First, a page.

Final Opinion and Award at 8-9.

  The argument that Falstaff advances here, that the measure of damages should be based upon the amount of product distributed through the independent distributors, is the same argument made before the N.L.R.B. in the claim that the "Interim Award" violated Section 8(e) of the National Labor Relations Act. The Regional Director Disagreed on March 8, 1977 and dismissed Falstaff's complaint, holding:

  

I find no merit to this contention as the arbitrator's award is clearly limited to damages incurred by Falstaff's Converting to the use of independent distributors and as Local 153 has clearly limited the award to unit work lost.

  (Emphasis in original.)

  The facts here indicate that Falstaff had contractually agreed that the unit employees would continue, for the duration of the CBA, to distribute the beer to Falstaff's 15,000-17,000 retail customers of the Depot, and that Falstaff would use its own trucks for that purpose, as distinguished from having independent distributors do so, using their employees and trucks. This is what Falstaff promised the employees in agreeing to the work preservation provisions on page 30 of the CBA. The arbitrator found in his awards that this promise was breached when Falstaff began distributing its products to those same retail customers of the Depot through independent distributors. Falstaff had agreed with the Union and the employees that, if it was going to distribute Ballantine beer at all to those retail customers, its own employees would do so and they need not fear losing their jobs by a company conversion to independent distributors.

  The arbitrator limited the damages to the unit work lost. This measure of damages was arbitrated in a series of hearings with the positions of the parties supported by lengthy pre-hearing and post-hearing memoranda. The submission agreement requested the arbitrator to determine the appropriate remedy. Both arbitration awards and N.L.R.B. decisions have used the same measure of damages as applied here. See, e.g., Sidele Fashions, Inc., 36 LA 1364, 1384 (1961); Winchester Electronics, Inc., 128 N.L.R.B. No. 110, 46 LRRM 2013 (1960), Modified, N.L.R.B. v. Winchester Electronics, Inc. 295 F.2d 288 (2d Cir. 1961).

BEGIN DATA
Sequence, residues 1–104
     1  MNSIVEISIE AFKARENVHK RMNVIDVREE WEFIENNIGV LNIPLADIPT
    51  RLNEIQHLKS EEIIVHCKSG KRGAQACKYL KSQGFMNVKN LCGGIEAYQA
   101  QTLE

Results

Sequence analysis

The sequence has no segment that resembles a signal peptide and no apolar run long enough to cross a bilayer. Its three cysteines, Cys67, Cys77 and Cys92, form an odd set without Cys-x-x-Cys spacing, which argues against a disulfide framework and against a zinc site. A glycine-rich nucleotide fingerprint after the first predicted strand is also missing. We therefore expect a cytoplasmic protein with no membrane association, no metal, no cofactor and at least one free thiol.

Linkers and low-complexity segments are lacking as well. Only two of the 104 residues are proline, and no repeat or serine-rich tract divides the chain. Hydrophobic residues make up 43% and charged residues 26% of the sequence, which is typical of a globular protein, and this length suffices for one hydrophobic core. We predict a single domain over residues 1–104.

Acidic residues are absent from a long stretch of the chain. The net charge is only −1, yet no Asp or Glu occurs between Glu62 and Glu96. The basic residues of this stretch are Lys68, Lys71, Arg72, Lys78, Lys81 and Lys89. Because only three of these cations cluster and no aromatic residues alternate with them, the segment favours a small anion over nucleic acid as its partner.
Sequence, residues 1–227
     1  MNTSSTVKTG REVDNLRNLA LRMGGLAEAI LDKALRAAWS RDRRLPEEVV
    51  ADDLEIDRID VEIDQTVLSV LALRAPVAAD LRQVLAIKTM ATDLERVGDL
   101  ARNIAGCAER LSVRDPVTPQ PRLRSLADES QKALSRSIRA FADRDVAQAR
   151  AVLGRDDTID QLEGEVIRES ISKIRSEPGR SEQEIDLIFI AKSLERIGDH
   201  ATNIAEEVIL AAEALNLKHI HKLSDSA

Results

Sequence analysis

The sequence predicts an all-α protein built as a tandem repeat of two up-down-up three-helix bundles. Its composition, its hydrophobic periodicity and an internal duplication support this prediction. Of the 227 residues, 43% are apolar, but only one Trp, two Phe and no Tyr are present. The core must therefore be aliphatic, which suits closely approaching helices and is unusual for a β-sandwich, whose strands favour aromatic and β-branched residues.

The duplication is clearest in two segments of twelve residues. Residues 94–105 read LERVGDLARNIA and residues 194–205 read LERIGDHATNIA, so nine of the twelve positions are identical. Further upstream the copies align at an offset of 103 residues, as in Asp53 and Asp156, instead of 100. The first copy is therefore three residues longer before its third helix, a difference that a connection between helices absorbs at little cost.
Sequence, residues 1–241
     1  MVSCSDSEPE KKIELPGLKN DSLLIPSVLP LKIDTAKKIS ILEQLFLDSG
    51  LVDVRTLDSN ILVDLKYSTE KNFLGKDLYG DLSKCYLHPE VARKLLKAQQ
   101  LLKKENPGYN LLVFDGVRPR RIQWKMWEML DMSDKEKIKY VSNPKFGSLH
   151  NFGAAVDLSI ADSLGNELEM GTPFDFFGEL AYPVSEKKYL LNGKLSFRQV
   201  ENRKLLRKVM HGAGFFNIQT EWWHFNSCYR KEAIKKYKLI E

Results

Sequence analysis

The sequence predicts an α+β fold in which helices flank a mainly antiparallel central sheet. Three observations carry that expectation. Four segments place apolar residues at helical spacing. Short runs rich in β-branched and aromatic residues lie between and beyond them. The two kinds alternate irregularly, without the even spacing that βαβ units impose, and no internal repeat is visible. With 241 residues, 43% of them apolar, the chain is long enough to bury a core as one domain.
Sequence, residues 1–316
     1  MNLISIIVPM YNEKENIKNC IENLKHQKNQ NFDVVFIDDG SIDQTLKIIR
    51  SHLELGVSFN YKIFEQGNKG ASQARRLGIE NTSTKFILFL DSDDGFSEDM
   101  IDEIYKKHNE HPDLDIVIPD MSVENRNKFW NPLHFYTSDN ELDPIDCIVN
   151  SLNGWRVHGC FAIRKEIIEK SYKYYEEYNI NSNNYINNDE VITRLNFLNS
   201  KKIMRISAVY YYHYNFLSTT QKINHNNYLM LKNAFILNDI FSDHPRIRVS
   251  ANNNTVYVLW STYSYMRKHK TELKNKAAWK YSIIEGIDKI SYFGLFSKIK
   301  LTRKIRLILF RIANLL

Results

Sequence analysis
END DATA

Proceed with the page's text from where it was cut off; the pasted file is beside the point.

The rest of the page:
Here, the CBA is silent on matters of remedy and does not explicitly limit the arbitrator in this regard. In Enterprise Wheel and Car Corp., supra, 363 U.S. at 597, 80 S. Ct. at 1361, the Supreme Court addressed the issue:

  

When an arbitrator is commissioned to interpret and apply the collective bargaining agreement, he is to bring his informed judgment to bear in order to reach a fair solution of a problem. This is especially true when it comes to formulating remedies. There the need is for flexibility in meeting a wide variety of situations. The draftsmen may never have thought of what specific remedy should be awarded to meet a particular contingency.

  This court has no doubt that the arbitrator was well within the bounds of his authority to fashion the remedy of the "Final Opinion and Award". See, Newark Wire Cloth Co. v. United Steelworkers, 339 F. Supp. 1207 (D.N.J.1972); Shahmoon Ind., Inc. v. United Steelworkers of America, 263 F. Supp. 10 (D.N.J.1966).

  On the issue of interest, Falstaff contends that since the CBA is silent on the imposition of interest in a damages award, the award of interest is barred. Falstaff also urges that the imposition of interest is punitive and unwarranted. These contentions are specious; the language of the "Final Opinion and Award" is most clear and dispositive:

  

The parties empowered the Arbitrator in the arbitration submission agreement to determine the proper remedy for the violation. Interest is not a penalty against the Company. Its function is to make the employees reasonably whole, and that is the proper remedy. I am also mindful of the long time that has passed since the layoff of the employees.

  Final Opinion and Award at 14. Interest is within the traditional inherent powers of an arbitrator to award in order to make an employee whose rights have been violated reasonably whole.

   For the foregoing reasons, the Union's motion to enforce the arbitrator's "Final Opinion and Award" is granted in its entirety. The court will enter its own Order and Final Judgment.

19781103

© 1992-2004 VersusLaw Inc.